As I've often stated, I really enjoy social media. I use Facebook, twitter (I have 2 different accounts), LinkedIn Four Square, and Pinterest on a regular basis, and even some others occasionally. There is no doubt that social media is here to stay and it is growing, but it still cannot replace paid media for brand building and advertising. No amount of Facebook posts can reach the masses as broadcast media can.
A friend and colleague wrote a post that really sums up this point. The following has been re-posted from her blog. The author is a friend and long time colleague. She is a marketing and advertising professional with a big heart! Check out her blog for some other great insights -- http://trudyasutherland.wordpress.com/
Social may have established itself as a brand-building requirement, but — as some marketers have learned the hard way — it can’t replace other channels yet.
“Brand-building strategy and social strategy are inextricably intertwined,” according to Forrester analyst Tracy Stokes. Yet, “social efforts do not represent a stand-alone solution and need the scale and consistency of paid and owned media.”
According to Forrester, a Facebook page does not define “social engagement.” Rather, it is a way to communicate directly with consumers on their terms, whether that involves reading a blog, sharing a YouTube video, or posting to a social networking site.
As Stokes lays out in a new report, social can help brands build consumer trust, differentiate themselves through emotional connections with consumers, and exploit the loyalty of dedicated fans.
Yet communicating through social networks is not scalable, Stokes finds. “Marketers and social marketing agencies told us that social media cannot reach critical mass in the same way that paid broadcast media can, and it would defeat the uniqueness of the channel.”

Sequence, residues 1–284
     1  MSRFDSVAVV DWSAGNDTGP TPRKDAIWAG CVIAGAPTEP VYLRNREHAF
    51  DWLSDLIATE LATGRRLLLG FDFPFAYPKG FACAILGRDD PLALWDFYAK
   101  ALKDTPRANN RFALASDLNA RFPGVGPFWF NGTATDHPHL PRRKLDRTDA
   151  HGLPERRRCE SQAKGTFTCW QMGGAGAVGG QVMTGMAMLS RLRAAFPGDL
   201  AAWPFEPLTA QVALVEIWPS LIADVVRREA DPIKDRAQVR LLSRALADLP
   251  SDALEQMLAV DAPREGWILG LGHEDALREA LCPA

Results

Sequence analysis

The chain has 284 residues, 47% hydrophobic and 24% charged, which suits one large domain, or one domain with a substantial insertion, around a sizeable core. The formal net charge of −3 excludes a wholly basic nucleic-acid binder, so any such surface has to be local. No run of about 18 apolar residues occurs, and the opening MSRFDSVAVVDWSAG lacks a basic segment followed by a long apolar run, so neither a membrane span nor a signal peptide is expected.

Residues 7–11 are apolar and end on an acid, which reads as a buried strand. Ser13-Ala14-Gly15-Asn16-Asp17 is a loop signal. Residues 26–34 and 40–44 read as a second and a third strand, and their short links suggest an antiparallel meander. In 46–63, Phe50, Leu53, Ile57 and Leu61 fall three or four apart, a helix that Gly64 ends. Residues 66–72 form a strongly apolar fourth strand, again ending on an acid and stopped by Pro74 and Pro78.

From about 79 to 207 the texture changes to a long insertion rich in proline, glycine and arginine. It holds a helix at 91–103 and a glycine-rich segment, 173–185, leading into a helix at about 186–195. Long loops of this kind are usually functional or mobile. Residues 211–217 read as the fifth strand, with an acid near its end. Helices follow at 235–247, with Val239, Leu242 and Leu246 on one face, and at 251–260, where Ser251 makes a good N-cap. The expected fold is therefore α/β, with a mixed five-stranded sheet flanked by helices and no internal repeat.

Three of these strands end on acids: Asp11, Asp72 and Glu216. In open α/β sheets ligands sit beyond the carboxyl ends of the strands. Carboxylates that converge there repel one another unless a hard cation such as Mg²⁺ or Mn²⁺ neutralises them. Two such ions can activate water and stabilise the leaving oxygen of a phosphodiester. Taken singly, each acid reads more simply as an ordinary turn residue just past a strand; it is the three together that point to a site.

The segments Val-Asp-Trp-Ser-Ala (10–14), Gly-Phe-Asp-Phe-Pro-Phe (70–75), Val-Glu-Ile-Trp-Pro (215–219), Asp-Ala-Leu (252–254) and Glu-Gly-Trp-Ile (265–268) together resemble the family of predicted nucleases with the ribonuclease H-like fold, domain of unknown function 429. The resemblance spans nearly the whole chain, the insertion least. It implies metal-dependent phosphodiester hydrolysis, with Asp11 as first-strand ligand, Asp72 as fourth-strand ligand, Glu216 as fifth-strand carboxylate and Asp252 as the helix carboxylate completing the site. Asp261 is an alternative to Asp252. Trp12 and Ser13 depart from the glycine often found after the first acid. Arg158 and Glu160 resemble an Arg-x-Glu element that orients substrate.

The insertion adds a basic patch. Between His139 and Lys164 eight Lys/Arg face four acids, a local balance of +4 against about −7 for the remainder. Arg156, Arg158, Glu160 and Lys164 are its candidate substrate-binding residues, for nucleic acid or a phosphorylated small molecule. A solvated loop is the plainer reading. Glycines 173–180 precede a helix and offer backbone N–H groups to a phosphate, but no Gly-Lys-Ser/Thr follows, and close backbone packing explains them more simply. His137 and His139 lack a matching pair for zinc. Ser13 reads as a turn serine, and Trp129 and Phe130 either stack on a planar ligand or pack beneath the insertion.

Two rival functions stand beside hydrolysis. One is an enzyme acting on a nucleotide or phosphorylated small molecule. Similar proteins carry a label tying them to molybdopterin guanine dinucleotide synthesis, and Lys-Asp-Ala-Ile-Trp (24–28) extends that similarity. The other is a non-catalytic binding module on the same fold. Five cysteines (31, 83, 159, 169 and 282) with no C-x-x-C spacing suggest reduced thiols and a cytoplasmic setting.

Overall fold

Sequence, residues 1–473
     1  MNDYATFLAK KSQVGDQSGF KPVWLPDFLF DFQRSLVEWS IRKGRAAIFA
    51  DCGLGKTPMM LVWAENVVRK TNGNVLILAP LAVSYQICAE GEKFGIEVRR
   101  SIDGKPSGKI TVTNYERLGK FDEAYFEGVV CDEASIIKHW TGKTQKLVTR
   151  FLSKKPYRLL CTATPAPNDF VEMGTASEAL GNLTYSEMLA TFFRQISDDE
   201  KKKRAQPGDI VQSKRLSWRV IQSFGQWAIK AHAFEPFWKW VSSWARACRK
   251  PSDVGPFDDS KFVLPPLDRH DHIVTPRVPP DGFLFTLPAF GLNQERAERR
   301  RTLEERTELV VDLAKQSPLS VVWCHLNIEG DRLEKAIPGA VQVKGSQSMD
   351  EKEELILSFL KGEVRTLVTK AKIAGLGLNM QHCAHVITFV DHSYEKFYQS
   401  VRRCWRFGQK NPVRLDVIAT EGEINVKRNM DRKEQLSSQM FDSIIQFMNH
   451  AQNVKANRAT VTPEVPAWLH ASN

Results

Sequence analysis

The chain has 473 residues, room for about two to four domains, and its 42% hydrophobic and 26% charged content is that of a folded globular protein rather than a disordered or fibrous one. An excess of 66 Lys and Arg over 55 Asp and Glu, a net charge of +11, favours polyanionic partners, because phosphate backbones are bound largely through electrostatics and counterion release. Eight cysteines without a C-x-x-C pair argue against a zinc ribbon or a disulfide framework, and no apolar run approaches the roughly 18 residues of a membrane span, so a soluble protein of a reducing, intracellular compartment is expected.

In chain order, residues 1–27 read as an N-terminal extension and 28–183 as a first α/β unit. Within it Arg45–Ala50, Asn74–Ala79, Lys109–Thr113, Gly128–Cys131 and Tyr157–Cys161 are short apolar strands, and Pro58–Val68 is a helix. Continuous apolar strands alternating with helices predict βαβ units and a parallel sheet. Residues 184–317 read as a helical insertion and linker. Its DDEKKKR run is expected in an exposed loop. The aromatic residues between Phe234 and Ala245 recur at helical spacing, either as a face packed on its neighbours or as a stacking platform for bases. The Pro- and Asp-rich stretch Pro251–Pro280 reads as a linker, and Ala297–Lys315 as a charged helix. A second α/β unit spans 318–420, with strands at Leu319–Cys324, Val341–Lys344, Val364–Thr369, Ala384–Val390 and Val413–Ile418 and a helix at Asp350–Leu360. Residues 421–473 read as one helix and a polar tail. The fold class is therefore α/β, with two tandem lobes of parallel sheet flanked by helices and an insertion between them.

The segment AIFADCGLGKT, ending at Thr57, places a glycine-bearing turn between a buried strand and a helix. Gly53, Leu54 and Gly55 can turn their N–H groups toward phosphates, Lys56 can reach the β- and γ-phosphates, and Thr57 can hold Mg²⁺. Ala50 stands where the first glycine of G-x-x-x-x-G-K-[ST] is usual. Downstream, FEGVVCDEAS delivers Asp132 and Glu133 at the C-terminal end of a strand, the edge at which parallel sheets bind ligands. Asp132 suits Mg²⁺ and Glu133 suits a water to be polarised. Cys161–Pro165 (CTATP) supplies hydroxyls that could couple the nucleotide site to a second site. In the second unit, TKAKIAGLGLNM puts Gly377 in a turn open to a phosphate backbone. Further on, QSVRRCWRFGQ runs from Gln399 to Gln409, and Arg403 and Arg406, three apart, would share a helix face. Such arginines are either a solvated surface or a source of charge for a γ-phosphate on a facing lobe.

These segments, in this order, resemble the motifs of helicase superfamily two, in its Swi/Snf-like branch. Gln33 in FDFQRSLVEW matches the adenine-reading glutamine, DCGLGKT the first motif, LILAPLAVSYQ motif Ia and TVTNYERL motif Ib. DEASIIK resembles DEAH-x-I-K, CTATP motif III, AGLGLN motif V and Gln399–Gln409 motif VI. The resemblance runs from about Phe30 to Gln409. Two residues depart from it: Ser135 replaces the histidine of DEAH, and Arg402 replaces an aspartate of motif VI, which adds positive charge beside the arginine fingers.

Indeed, Facebook recently warned advertisers that just 16% of fans see organic content posted by brands.
“JetBlue, a leading proponent of social media, understands this,” Stokes notes. “When it comes to a big launch like a new service to Dallas, the airline still turns to TV broadcast for broad impact and awareness.”
What’s more, messaging through social media is too fragmented, Forrester finds. Social media’s many voices fragment a brand’s message like an old-fashioned game of telephone, so paid and owned media are still essential to define a brand message.
Meanwhile, Forrester found that too many marketers say that they are working on their social strategy, but it is disconnected from their overall branding efforts, apart from logos and collateral.
“Forrester believes that to be successful, 21st century brands must point their brand compass in the direction that helps them build a brand that is trusted, remarkable, unmistakable, and essential,” said Stokes.
While its specific applicability is still debatable, marketers appear to be sold on social. As a recent Forrester survey found, one out of five chief marketing officers said they are personally accountable for social efforts. In fact, among digital channels, they view social media as second only to the Web in affecting branding, and second only to search in affecting brand-building efforts.
Overall, of the marketing leaders that Forrester surveyed, 92% believe that social media has fundamentally changed how consumers engage with brands, while three out of four marketing leaders surveyed said they were changing their marketing strategy as a result of social media.
That said, while two-thirds of marketers claimed to have a clearly defined social strategy, only half viewed their social efforts as strategically integrated into their 2012 brand-building plans.
(Source: Online Media Daily, 05/07/12)